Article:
The Surprising Solution to the Equal Pay Problem

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Occupational segregation by gender contributes to a stubborn wage gap. It has kept women making less than men, per dollar, and still limits their access to well-paid jobs that don’t necessarily require higher education. According to Closing the Skills Gap: On-Ramp Occupations to Middle-Skilled Jobs for Women Workers, an Institute for Women’s Policy Research study commissioned by JPMorgan Chase & Co.:

WOMEN MAKE UP A MERE 3 PERCENT OF WORKERS IN WELL-PAID, MIDDLE-SKILL CONSTRUCTION JOBS.

The report also found that while women make up 83 percent of workers in middle-skill jobs that pay less than $30,000 a year, the number drops steeply to 36 percent for growing, middle-skill jobs that pay at least $35,000 a year, a disparity that can have significant long-term economic implications. Ariane Hegewisch, who co-authored this report as well as a prior study on occupational segregation and the gender wage gap, knows that in addition to being unfair in principle, those disparities have macro-scale economic effects. Occupational segregation, she notes, “slows down how much the economy can grow and how quickly you can respond to new opportunities. … It’s as if having occupational segregation means that the economy is under-oiled.”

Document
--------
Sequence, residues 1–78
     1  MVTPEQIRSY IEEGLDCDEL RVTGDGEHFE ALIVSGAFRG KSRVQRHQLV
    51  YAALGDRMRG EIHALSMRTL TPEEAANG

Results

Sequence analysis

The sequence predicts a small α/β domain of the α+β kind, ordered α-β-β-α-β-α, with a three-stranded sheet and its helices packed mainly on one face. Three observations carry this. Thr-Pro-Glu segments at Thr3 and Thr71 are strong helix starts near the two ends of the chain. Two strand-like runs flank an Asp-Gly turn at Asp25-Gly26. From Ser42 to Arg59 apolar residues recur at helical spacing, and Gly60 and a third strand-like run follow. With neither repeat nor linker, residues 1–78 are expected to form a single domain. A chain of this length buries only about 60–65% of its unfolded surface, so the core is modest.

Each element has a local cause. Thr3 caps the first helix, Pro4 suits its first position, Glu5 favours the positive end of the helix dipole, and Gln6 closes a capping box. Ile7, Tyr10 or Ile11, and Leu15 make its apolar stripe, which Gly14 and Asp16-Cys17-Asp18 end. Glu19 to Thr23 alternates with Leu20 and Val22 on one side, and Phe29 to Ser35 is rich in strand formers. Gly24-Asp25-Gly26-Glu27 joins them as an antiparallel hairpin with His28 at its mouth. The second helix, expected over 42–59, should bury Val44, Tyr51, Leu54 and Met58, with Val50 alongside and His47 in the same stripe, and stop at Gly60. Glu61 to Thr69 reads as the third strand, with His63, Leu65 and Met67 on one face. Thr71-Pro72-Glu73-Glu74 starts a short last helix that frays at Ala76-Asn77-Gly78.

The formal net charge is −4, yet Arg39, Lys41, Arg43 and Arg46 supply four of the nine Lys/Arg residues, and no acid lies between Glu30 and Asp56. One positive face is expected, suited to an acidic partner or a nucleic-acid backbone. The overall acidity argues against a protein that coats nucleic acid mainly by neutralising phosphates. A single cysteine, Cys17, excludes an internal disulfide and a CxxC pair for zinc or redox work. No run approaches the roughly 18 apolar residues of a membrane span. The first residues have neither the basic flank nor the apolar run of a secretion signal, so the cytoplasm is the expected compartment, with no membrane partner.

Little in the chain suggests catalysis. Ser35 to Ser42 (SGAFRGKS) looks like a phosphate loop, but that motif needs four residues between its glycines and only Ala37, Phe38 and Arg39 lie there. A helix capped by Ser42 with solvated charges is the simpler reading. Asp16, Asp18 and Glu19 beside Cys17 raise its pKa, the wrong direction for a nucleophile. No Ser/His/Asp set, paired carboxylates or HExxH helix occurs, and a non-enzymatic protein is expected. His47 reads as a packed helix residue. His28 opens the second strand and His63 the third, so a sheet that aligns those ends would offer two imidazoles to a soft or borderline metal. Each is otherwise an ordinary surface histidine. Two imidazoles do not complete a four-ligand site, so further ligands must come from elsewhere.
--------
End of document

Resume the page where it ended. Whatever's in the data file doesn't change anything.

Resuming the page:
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Narrow the Wage Gap through Access to Good Jobs

Half of the gender wage gap is due to women working in different occupations and sectors than men. Improving women’s access to good middle-skill jobs can help close the wage gap and improve women’s economic security.

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